The first point is that it is not clear that the Goldstein and Mattoo-Subramanian proposals have to be considered as alter-natives. Why not require that the Fund examine the policies of any country with a surplus above a certain level (presumably relative to GDP) and also allow any member to initiate action in the WTO? The worst that could happen is that resources were wasted on conducting two studies when one would have done (and anyway much of both studies would be done by the same people). In practice one would expect that countries

(11)

of a WTO procedure, at least where the spillover effects are strong, but there would still be a mechanism for examining the surpluses of members of monetary unions and there would be a forum to propose the adoption of measures designed to correct their disequilibria. Basing such studies in the IMF might seem objectionable to the members of monetary unions, but one should not object to the alternative of the monetary union itself taking this responsibility, provided that it does not dismiss it as a nonproblem. If a monetary union agrees to do this, the IMF should simply hear charges that the surplus of the monetary area, rather than of the individual countries that comprise it, is excessively large.

Whether the work is undertaken by the IMF or within the monetary union, the charge that a surplus is possible only because of excessive deficits elsewhere in the monetary union cannot be answered by an appraisal of the exchange rate. This would make no sense for a member of a monetary union; for example, it would be quite inappropriate to vary the euro exchange rate to achieve German (or Greek) ends (quite apart from any difficulty there may be in persuading floating exchange rates to float to levels that might achieve policymakers’ ends). Insofar as exchange rates are controllable by policymakers, these should look at the collective needs of the monetary area, not those of a particular country.

Policy therefore has to be focused on the level of internal demand, since there is no exchange rate instrument. The ques-tion is whether the monetary union has an appropriate level of demand to be consistent with aggregate supply arising from the sum of the supply potential of individual members, any acceptable payments imbalance for the monetary union as a whole, and the continued solvency of all members of the monetary union. It is fine for Germany to program demand to be less than supply if other members of the monetary union are in a position to finance offsetting deficits, or if the mone-tary union as a whole is generating a surplus that is acceptable to the rest of the world. But if neither is true then Germany’s surplus can only be labeled excessive. The logical corollary of a finding of an excessive surplus by a member of a monetary union is a recommendation to increase the level of internal demand of that country, rather than a revaluation of the common currency. Unlike in a separate monetary area, where increased demand can be offset by appreciation, demand has to be increased even if the likely result is internal inflation. That is the logic of having entered a monetary union (and the rationale for following the principle, adopted in name in Europe although not always practiced, of refusing member-ship to countries that would require their partners to inflate in order to achieve reasonable external balance). Once countries have entered a monetary union, they have to be willing to subject their internal price levels to the requirements of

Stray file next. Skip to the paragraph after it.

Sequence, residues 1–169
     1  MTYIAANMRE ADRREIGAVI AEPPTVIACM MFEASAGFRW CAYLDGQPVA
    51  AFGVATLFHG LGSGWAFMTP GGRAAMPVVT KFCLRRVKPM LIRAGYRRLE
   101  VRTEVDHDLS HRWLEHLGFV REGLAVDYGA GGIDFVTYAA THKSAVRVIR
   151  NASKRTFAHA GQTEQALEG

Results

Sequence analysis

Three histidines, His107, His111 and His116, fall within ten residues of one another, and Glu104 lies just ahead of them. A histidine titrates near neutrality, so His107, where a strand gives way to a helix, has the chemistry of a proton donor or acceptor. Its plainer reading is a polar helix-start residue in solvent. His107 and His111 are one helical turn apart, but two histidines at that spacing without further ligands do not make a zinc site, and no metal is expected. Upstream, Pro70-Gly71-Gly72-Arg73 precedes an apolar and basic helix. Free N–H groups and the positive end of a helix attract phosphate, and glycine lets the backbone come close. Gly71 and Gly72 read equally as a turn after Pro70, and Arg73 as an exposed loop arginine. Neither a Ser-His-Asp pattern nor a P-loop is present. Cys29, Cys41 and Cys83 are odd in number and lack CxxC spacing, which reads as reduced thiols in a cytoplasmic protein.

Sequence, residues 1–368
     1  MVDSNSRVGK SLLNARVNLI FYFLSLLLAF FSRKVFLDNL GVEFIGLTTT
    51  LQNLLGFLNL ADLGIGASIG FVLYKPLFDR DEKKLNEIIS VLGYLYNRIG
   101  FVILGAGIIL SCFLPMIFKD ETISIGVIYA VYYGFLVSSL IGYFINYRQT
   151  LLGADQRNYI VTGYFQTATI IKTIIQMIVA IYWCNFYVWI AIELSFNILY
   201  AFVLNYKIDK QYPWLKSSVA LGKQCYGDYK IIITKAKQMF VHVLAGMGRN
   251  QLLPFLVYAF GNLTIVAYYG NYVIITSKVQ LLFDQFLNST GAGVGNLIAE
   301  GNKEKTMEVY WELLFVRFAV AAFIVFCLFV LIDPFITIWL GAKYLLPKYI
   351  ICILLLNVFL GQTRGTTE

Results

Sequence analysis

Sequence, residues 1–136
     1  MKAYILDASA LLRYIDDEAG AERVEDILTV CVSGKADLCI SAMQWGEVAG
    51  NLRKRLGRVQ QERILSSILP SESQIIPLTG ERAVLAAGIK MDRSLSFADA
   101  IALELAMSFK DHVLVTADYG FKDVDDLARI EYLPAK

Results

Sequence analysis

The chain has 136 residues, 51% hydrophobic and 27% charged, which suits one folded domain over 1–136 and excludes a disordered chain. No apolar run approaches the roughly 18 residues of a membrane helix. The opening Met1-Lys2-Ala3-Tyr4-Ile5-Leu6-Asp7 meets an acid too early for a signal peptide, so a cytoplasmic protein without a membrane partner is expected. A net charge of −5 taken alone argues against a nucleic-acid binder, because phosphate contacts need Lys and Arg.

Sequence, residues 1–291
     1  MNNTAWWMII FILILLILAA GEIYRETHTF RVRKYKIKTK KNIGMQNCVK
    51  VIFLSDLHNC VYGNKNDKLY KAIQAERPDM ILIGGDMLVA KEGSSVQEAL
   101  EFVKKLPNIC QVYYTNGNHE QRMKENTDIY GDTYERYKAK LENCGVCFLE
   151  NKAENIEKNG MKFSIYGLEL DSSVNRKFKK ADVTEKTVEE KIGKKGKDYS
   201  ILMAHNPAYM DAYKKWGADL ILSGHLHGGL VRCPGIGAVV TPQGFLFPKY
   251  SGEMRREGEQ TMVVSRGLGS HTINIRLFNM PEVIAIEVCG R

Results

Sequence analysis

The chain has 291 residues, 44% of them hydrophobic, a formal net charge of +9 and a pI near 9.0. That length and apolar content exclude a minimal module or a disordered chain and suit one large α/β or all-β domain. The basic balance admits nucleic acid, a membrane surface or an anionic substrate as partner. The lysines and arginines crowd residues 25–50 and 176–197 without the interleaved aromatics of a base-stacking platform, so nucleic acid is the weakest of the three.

reason-able external balance, in the way that Germany deflated (too much in retrospect) when it judged its initial euro exchange rate a little overvalued. Conversely, the IMF (or more likely the European Central Bank [ECB]) will have to take on the unfamiliar task of telling certain members—though not the whole monetary union—that they need to be prepared to accept more inflation.

For the vast majority of countries that are not members of currency unions, action could be initiated either by the IMF or by the WTO. In both cases the analysis would focus on the appropriateness of the exchange rate13 and would therefore

be essentially similar. In the case where action is initiated by a country in the WTO, it would be necessary to spell out what is meant by “the IMF.” Specifically, if a series of technical questions were posed by the WTO to “the IMF,” it would be important that these be answered apolitically, i.e., by the management and staff rather than requiring the endorsement of an Executive Board that remains responsible to national governments. The policy change would require endorsement by the Board, but that is a quite different matter to requiring the Board to hold itself responsible for approving every answer. In contrast, one could hardly imagine the Executive Board surrendering its power if, as in the Goldstein Plan, there were no alternative place where political power could be exercised (like in the WTO).

However, agreeing to institute the Mattoo-Subramanian proposal does depend upon a political willingness to implement the scheme, and one of the parties whose agreement is required is (in practice, if not in theory) the Chinese government. It has to be recognized that, despite the incentives to buy into this scheme, it is possible that China will remain resistant. In that case one has to ask whether there are available incentives to alter